8 reasons why 2021 might actually turn out to be the great year we need it to be

If you're looking for reasons to be positive about 2021, we have 8 great ones...

Reasons to be positive in 2021, from Kamala Harris to the Covid-19 vaccine
(Image credit: Getty Images)

If you're looking for reasons to be positive about 2021, you're not alone. 2020 has been a difficult year for everyone and, honestly, even the fact that you’ve made it here to the end of the year should be celebrated. We’ve all survived a global pandemic - and all the trauma that came with it.

While there’s undoubtedly still some turbulent times ahead, it can be easy to get distracted by the negative news cycles and doom-scrolling. This can mean we lose sight of the positive events and good news stories happening around our big wide world that might have passed us by.

As we get ready to leave the year that truly shook us all, here are eight very inspiring things that give us a little bit of hope for 2021...

The vaccine is here - and it paves the way for more pioneering medical breakthroughs 

Pfizer's Covid-19 vaccine is pictured at Rady Children's Hospital before it's placed back in the refrigerator in San Diego, California on December 15, 2020.

(Image credit: Photo by ARIANA DREHSLER/AFP via Getty Images)

The greatest news that we could end the year on arrived just in the nick of time in December, when Brit Margaret Keenan became the first person in the world to be inoculated with the COVID-19 vaccination. As one newspaper put it, 1 down, 54 million to go.  

And as the jab gets rolled out worldwide, the hard work of the scientists who created it could lead to a shift in speeding up the process of development of other vaccines that are often bogged down in logistics and funding. The head of the UK’s Vaccine task force told the scientific journal Nature.com: “COVID-19 gives us an opportunity to create a permanent system for supplying vaccines for future pandemics, quickly and safely.”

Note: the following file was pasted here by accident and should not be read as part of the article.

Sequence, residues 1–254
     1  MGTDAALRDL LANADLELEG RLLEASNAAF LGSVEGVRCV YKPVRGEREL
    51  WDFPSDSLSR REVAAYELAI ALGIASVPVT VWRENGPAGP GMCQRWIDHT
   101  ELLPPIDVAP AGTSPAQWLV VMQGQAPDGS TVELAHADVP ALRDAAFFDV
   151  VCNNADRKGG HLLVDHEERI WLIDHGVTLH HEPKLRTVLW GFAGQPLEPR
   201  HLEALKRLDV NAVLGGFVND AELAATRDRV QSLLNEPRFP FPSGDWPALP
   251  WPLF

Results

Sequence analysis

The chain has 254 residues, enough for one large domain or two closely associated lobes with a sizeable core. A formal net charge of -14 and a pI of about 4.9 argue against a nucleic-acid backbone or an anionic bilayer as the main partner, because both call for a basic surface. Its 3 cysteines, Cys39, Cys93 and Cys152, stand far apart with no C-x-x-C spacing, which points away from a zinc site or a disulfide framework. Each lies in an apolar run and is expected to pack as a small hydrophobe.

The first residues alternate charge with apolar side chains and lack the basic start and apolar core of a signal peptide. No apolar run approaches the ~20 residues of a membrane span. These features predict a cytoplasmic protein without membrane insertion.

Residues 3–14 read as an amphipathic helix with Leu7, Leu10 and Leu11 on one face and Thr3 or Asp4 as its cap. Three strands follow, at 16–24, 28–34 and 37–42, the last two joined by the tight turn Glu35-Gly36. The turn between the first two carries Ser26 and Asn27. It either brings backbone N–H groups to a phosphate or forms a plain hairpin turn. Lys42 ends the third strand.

There are also plans to allow all nations to be given future vaccinations equally. The COVAX initiative “allows rich countries to buy vaccines for poorer countries, alongside buying vaccines for their own citizens”. After all, in a global crisis, we’re all in this together.

The new President of the United States will be sworn in on January 20

Democratic presidential candidates former Vice President Joe Biden and Sen. Kamala Harris (D-CA) speak after the Democratic Presidential Debate at Texas Southern University's Health and PE Center on September 12, 2019 in Houston, Texas.

(Image credit: Photo by Win McNamee/Getty Images)

...and it’s not going to be Donald Trump. Joe Biden will become the 46th president of America, and with him, it’s hoped will usher in a new wave of kinder politics, leading to a less divisive society. In his victory speech, Biden said: “We must stop treating our opponents as our enemy. We are not enemies. We are Americans...This is the time to heal in America.”

And of course, his VP, Kamala Harris also deserves a shout out. As the first Black woman ever to hold a position in office, she said: “While I may be the first woman in this office, I will not be the last. Every little girl, watching tonight sees that this is a country of possibilities.” And with that, our hearts grew a little bit bigger.